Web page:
Context-independent and context-dependent information in concepts

Barsalou, L. (1982) Context-independent and context-dependent information in concepts. Memory and Cognition, 10(1), pp. 82-93. (doi: 10.3758/BF03197629) (PMID:7087773)

Full text not currently available from Enlighten.


It is proposed that concepts contain two types of properties. Context-independent properties are activated by the word for a concept on all occasions. The activation of these properties is unaffected by contextual relevance. Context-dependent properties are not activated by the respective word independent of context. Rather, these properties are activated only by relevant contexts in which the word appears. Context-independent properties form the core meanings of words, whereas context-dependent properties are a source of semantic encoding variability. This proposal lies between two opposing theories of meaning, one that argues all properties of a concept are active on all occasions and another that argues the active properties are completely determined by context. The existence of context-independent and context-dependent properties is demonstrated in two experimental settings: the property-verification task and judgments of similarity. The relevance of these property types to cross-classification, problem solving, metaphor and sentence comprehension, and the semantic-episodic distinction is discussed.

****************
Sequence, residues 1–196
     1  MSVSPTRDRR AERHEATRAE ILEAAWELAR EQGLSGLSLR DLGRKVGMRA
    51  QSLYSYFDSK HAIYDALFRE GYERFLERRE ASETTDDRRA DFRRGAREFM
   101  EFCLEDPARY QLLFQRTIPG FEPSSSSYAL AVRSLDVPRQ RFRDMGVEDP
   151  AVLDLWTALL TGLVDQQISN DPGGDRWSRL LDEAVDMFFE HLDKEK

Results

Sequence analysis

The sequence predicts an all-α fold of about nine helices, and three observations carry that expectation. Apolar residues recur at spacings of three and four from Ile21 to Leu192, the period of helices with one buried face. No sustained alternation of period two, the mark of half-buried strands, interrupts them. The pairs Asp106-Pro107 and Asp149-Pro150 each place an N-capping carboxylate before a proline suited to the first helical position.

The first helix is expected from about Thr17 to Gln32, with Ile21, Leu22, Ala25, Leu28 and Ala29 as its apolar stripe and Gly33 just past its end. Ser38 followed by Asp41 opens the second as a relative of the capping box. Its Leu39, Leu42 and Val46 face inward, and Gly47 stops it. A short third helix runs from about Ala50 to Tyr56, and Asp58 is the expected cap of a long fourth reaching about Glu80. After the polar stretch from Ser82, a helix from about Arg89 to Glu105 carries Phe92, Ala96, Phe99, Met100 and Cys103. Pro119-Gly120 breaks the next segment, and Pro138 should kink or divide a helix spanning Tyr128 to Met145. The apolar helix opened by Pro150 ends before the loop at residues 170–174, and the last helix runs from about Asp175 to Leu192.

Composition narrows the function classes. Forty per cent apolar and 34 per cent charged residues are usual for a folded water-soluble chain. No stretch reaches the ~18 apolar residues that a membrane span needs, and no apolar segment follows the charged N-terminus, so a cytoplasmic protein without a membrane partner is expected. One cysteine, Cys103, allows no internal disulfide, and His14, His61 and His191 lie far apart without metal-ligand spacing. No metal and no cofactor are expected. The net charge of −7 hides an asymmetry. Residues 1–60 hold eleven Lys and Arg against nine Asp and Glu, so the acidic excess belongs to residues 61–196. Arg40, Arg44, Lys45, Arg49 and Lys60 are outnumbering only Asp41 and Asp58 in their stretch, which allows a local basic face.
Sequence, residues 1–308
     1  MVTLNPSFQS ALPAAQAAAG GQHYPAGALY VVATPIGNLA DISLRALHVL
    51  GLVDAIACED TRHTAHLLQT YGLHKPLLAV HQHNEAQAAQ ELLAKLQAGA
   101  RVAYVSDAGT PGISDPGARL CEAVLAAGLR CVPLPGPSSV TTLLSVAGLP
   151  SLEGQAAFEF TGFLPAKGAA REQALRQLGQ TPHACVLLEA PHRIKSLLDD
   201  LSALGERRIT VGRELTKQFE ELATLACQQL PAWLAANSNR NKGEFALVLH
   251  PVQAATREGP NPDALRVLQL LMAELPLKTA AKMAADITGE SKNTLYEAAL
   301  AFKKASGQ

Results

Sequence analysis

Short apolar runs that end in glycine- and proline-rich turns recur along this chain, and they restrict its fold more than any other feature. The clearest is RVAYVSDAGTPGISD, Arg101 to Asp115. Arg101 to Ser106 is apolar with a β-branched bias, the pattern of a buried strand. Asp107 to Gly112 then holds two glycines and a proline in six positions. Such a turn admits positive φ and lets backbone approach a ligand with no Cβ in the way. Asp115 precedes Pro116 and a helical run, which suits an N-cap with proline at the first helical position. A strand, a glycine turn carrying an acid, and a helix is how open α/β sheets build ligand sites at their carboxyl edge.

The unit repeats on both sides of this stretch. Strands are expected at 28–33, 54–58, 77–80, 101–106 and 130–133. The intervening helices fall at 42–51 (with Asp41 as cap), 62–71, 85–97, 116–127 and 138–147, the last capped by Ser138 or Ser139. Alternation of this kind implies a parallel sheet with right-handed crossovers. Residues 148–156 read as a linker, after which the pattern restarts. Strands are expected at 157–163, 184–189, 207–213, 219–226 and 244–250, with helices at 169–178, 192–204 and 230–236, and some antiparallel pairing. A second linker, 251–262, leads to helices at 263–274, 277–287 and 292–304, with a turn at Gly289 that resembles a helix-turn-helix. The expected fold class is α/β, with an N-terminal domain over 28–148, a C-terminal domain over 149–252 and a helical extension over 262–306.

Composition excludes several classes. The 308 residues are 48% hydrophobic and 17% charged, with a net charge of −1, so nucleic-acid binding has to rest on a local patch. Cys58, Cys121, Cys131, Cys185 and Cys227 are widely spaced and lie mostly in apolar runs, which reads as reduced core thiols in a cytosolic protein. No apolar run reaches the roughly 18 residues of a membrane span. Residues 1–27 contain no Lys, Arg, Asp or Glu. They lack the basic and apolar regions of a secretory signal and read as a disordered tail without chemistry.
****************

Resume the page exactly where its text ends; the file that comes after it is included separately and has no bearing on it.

Item Type:Articles
Glasgow Author(s) Enlighten ID:Barsalou, Professor Lawrence
Authors: Barsalou, L.
College/School:College of Science and Engineering > School of Psychology
Journal Name:Memory and Cognition

University Staff: Request a correction | Enlighten Editors: Update this record